Hetty, Natalia, Cecilia and Irais stand waiting with their suitcases outside the double glass doors of the Belizean Northern Border Office of Customs and Immigration. They are on their way to work in two separate mission projects in Queretaro and Nuevo Leon, Mexico.

Is this place even open today?  I wonder silently. Nothing stirs but a slight ocean breeze, and things seem unusually dead, even for a Sunday. Not a single taxi is in sight, and the MOVE pickup is the only vehicle in the parking lot! Lyli and I are waiting to make sure the girls can get through before we leave, otherwise they will have a long walk back to Corozal, the nearest town on this side of the border.

Finally, an officer pokes her head out the double doors.

“You need to wear your masks and observe proper social distancing!” she scolds before retreating into the building. Another officer soon appears.

“Names and passports!” He demands. “Do you have the letter of permission from the Chief of Foreign Affairs?”

“We wrote to him last Thursday, but we never received a reply,” Irais answers.

The officer shakes his head emphatically.

“You should have called him on Friday when you saw you had no answer!” the lady officer is back outside and also back to her scolding.

“Could you give us a number for the Minister of Foreign Affairs?”

“Yes, but it is only an office number and will do you no good today!”

From my vantage on a covered bench across the road I can’t hear the rest of the conversation, but I can see the girls are asking questions, and the officers just keep shaking their heads. A few minutes later the girls come back dragging their luggage and the matter seems settled: “no can do! You shall not pass today!”

The girls would be okay with that, but unfortunately, they have already purchased their flight from Chetumal, the city just across the border, to Mexico City for tomorrow morning at 9 o’clock. Even if they stay the night in Corozal and try to cross in the morning, unless they are able to cross by six or seven at the latest, there is no way they will make their flight.

Cecilia calls the airlines. No, they cannot cancel the flight without penalty. Yes, they can change the flight for the difference in fare price. When is the next available flight? Not until August first! That is over a month from now!

“Why don’t you write again to the Chief of Foreign Affairs and tell him you are waiting at the border?” I suggest. “Of course, it would be nothing short of a miracle if he checks his email on a Sunday, and even a greater miracle if he decides to answer it!”

About this time a car passes by and the well-intentioned driver is kind enough to roll down his window and give us some advice:

“You might as well go back!” he says. “Immigration is closed today. You won’t be able to do anything until tomorrow morning at 8 o’clock!”

I am tempted to tell him that we are friends with the Chief Immigration Officer—the One who opened the impenetrable border between heaven and a sin-stricken world and who specializes in opening what is impossibly shut! If He wants these girls to travel today, they will! But then again, sometimes God leaves us to the consequences of our lack of due diligence in preparing ahead of time. Maybe this will be one of those times. I just say “Thanks,” smile and wave.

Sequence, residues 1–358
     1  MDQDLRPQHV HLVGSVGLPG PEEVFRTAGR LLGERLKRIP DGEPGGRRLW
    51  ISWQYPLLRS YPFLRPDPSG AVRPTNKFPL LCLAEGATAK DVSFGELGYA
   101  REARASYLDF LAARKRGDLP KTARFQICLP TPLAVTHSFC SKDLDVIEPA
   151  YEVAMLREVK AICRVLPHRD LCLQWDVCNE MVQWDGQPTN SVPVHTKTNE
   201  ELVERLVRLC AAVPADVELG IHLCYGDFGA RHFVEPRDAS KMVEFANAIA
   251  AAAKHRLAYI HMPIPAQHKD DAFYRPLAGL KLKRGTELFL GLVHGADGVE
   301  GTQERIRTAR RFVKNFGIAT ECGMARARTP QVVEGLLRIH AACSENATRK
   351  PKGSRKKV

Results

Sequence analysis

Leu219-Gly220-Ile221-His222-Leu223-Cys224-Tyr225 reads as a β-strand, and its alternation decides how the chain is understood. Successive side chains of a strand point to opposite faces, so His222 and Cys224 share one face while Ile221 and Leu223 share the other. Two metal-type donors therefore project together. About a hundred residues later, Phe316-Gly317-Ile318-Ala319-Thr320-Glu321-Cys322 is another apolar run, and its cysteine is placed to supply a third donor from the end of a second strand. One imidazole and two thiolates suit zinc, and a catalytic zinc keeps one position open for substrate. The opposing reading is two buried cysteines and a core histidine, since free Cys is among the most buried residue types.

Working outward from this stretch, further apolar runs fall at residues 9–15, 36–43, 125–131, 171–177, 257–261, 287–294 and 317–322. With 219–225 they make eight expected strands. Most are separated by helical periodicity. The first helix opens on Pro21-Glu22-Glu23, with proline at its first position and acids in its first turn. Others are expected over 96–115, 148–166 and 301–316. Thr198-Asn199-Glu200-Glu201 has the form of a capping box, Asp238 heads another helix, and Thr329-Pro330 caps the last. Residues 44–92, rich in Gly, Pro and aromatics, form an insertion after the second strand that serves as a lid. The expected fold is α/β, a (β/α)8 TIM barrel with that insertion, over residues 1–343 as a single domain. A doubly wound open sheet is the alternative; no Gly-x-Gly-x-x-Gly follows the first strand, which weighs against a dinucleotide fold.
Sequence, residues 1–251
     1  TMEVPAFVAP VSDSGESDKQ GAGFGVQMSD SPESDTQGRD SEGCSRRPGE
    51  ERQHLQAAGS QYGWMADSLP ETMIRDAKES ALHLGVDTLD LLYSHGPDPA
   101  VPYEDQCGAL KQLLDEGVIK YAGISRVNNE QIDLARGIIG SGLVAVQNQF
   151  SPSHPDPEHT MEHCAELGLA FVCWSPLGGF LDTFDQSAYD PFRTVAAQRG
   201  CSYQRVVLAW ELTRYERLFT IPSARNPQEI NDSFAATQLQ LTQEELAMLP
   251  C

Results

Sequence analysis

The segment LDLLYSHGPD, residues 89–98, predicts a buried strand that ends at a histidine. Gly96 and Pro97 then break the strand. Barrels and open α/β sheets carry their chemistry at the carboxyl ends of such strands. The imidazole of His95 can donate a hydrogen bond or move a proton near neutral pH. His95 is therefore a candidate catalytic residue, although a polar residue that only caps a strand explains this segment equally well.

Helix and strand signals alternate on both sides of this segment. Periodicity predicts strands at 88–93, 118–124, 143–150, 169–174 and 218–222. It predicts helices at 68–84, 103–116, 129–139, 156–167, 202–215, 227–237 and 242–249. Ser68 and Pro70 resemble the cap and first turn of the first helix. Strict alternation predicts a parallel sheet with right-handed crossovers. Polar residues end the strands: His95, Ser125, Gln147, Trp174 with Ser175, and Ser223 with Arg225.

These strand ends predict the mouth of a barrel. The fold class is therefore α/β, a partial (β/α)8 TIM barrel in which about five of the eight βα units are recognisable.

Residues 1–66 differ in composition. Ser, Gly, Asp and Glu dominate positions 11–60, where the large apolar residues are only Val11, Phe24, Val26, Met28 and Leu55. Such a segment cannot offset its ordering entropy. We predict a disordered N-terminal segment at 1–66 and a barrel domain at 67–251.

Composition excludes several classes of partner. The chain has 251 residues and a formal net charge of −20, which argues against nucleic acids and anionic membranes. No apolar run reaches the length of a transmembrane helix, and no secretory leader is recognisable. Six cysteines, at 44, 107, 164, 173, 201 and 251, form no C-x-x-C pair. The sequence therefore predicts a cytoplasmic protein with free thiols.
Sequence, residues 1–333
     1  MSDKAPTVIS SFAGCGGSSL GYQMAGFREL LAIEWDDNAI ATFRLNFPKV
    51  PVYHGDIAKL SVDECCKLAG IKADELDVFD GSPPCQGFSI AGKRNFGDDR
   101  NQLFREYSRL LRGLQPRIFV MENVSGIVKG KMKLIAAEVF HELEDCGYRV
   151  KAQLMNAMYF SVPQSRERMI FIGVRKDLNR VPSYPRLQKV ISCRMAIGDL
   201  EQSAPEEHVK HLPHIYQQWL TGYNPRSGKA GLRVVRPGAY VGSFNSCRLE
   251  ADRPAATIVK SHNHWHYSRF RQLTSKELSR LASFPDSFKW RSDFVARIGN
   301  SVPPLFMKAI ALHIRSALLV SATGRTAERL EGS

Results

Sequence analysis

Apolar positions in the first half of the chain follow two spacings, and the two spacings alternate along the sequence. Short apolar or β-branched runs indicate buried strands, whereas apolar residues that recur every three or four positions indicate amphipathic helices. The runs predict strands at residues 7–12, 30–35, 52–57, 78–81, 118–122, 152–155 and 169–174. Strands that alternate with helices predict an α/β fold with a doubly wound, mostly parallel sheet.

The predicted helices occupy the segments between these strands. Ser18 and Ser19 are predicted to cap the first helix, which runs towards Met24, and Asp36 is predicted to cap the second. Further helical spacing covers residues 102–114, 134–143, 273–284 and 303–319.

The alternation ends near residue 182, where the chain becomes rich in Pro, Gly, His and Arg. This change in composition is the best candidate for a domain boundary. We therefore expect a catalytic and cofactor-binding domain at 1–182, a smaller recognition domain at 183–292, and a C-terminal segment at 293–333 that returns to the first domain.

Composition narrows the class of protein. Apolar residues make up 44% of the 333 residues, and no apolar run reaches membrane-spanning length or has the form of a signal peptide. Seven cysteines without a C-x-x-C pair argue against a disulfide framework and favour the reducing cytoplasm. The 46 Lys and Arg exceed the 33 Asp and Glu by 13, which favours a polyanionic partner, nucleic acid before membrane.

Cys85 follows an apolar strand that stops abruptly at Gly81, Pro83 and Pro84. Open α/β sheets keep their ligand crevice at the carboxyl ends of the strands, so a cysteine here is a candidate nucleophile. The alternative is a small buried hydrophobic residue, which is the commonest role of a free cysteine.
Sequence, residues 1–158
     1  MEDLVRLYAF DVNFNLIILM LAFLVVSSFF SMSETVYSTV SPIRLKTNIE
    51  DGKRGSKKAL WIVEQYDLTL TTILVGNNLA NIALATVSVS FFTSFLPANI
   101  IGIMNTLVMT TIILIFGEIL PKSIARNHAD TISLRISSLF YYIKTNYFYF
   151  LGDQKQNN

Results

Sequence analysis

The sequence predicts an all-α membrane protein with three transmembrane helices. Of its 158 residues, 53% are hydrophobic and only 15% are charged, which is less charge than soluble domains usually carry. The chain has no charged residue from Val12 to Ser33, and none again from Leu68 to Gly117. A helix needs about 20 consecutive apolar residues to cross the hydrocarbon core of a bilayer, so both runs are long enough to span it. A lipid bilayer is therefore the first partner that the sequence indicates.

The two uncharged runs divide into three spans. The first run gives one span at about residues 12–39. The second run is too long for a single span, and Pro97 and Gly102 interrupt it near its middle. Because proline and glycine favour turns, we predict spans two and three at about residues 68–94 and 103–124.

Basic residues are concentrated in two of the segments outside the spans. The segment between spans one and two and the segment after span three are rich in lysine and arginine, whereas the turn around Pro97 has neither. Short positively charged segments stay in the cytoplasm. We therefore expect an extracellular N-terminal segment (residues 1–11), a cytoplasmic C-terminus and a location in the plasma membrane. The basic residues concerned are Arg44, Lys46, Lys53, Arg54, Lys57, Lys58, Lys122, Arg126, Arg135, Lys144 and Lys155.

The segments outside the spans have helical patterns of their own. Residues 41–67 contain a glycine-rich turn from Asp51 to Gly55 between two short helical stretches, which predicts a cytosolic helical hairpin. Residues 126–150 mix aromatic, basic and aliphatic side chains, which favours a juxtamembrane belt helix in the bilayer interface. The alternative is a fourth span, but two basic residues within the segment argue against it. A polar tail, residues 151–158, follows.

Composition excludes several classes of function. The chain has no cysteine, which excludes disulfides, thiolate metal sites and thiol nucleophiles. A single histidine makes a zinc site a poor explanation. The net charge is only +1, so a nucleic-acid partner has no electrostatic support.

Lyli meanwhile calls the girls together and prays that God will put it in the heart of the Chief of Foreign Affairs to check his email and send the necessary permission this afternoon. It is well past lunch time now. Cecilia and Nathalia decide to stay at the border while Lyli and I take the other girls back to Corozal to buy food and to show them the house of an Adventist sister who has offered to put them up for the night if needed.

We are on our way back out to the border when Irais suddenly gasps in surprise. “I got an email from the Chief of Foreign Affairs! He sent the permission!” The girls squeal with joy and relief. God answered our prayer! He impressed a government official to check his work email on a Sunday, and softened his heart to give a prompt and positive answer!

Within the hour, Lyli and I watch as the girls cross the Belizean border and make their way to the Mexican border control where they pass with only minor delays.

God has sent all of us with an essential message of warning and hope to a world that is about to perish. What seemingly impossible obstacles are holding you back from fulfilling your calling? Whatever they are, do not linger in fear and doubt. God is more than willing and able to open the way for you to work. The hearts of governors and kings he holds in His hands, as the rivers of water: he turns them wherever He will. (Proverbs 21:1). Only move forward in faith, trusting in Him who is the Living Way, who opens and no man can shut, and shuts and no man can open.



P.S. The four girls from this story all arrived safely to their mission stations where they are happily serving in health, education, and personal evangelism. In the attached photo pictured from front to back are: Irais, Cecilia, Hetty and Nathalia. Irais is a previous MOVE graduate who has been in the mentorship program this year. The other three girls are all part of generation 13, this year’s class session.

Kody & Lyli Kostenko